The Cosby story comes to light as Alaska once again deals with the fact that we are the most dangerous state for women in the nation. Come here and you are apt to be murdered more, raped more, physically and verbally abused more than anywhere else. Makes it hard to think of something to be thankful for on Thanksgiving.
As we head into that holiday and express thanks for the things in our life that are good, take a moment of silent thought and prayer for those to whom not much feels good at all. These are the men and women still living with violent physical and verbal abuse who are too intimidated to know how to change their circumstances. Look around your dinner table at your friends and family and thank whoever you believe in for giving you a safe place to be, a safe home to host a dinner, a safe bed to lie in at night. These are the blessings so many of us take for granted without realizing just how many in our society are without them.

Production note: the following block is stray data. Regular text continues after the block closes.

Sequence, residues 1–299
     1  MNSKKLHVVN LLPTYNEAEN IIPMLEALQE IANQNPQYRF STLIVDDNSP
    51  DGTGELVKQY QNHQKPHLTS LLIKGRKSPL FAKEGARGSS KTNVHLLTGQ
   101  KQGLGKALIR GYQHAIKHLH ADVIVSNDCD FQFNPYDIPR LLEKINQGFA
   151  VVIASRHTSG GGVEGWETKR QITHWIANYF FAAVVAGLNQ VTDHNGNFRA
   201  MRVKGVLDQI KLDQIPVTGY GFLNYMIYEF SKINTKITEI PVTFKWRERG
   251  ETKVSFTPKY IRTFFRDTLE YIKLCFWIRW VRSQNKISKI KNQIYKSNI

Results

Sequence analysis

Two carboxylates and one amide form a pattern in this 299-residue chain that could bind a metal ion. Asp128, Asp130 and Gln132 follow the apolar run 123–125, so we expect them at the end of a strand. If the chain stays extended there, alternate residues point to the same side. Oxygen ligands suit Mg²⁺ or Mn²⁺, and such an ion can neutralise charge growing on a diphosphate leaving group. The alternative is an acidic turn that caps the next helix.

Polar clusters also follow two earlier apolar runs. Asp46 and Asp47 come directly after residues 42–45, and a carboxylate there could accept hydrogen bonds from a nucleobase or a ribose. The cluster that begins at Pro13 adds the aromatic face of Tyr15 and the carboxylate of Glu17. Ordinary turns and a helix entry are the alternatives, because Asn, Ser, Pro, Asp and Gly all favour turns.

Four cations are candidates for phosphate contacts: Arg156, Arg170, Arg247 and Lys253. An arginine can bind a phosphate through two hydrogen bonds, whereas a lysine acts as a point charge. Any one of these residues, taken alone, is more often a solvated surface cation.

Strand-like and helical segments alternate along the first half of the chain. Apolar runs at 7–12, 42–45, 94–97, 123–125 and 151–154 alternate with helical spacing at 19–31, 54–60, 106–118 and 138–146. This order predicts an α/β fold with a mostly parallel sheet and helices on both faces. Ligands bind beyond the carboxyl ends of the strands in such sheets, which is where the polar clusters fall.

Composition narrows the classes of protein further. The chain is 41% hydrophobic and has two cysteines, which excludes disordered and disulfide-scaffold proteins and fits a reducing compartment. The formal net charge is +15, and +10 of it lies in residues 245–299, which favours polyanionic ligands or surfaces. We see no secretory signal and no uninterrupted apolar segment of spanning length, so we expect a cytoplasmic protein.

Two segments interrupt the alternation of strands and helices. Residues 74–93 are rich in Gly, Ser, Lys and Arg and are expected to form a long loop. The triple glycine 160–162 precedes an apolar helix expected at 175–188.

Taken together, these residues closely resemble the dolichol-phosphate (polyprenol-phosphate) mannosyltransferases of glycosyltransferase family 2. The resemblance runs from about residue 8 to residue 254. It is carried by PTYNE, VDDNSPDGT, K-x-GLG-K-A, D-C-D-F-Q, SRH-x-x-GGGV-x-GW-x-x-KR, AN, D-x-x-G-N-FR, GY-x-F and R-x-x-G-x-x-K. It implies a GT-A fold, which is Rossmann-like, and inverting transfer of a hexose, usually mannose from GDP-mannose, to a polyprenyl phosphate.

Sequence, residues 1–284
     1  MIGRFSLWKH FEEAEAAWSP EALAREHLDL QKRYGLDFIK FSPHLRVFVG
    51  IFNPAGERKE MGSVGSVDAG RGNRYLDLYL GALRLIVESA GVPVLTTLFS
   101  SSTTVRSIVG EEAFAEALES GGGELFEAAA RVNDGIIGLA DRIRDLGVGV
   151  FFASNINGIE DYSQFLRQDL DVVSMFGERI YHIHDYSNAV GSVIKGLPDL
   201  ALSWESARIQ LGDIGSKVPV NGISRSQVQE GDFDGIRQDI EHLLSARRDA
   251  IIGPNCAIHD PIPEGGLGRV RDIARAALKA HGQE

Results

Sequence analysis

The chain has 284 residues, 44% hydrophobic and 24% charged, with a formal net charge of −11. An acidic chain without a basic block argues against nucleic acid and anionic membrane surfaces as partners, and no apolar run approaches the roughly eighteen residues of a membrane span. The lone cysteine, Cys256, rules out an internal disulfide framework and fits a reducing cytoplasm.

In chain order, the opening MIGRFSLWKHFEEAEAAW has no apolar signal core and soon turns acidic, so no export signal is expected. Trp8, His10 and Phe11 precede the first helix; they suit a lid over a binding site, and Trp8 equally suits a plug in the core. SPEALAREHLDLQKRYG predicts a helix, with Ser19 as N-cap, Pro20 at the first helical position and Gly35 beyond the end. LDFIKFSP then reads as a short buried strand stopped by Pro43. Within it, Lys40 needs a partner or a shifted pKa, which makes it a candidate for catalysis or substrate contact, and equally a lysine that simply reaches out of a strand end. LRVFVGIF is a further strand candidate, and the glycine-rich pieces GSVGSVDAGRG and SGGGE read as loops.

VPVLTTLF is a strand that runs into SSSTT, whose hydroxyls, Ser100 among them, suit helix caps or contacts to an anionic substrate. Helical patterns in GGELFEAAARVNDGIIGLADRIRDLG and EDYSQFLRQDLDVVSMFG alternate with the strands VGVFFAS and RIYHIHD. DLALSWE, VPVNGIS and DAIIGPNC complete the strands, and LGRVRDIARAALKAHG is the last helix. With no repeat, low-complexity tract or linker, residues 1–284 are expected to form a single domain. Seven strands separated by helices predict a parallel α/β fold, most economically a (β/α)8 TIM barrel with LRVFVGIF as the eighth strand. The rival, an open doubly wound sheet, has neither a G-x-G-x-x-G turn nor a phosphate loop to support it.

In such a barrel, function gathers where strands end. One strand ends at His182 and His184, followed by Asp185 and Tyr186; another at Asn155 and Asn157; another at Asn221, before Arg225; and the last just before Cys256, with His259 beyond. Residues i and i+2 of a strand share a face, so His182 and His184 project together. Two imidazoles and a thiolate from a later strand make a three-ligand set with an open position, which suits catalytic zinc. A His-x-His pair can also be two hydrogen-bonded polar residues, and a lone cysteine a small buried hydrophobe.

Elise Sereni Patkotak • 03:16 AM •
Wednesday, November 26, 2014

As we enter that time of year where many men overeat and then sit in front of the tv watching a football game with their pants unbuttoned and often also unzipped, may I make a plea from the other half of humanity. WEAR LOOSE PANTS OR PANTS WITH ELASTIC WAISTS. Have some pity on those of us trying to digest food and gagging at the sight of your unbuttoned pants.

Elise Sereni Patkotak • 03:19 AM •
Tuesday, November 25, 2014

I thought I’d written something both yesterday and Sunday on the blog. At the time I was taking medication for vertigo. I can only assume that I did, in fact, write those entries but that I was writing them on the blog in my head and they never actually made it out of there. Yep, getting old is fun at the best of times. Getting old with vertigo… priceless.

Elise Sereni Patkotak • 03:17 AM •
Saturday, November 22, 2014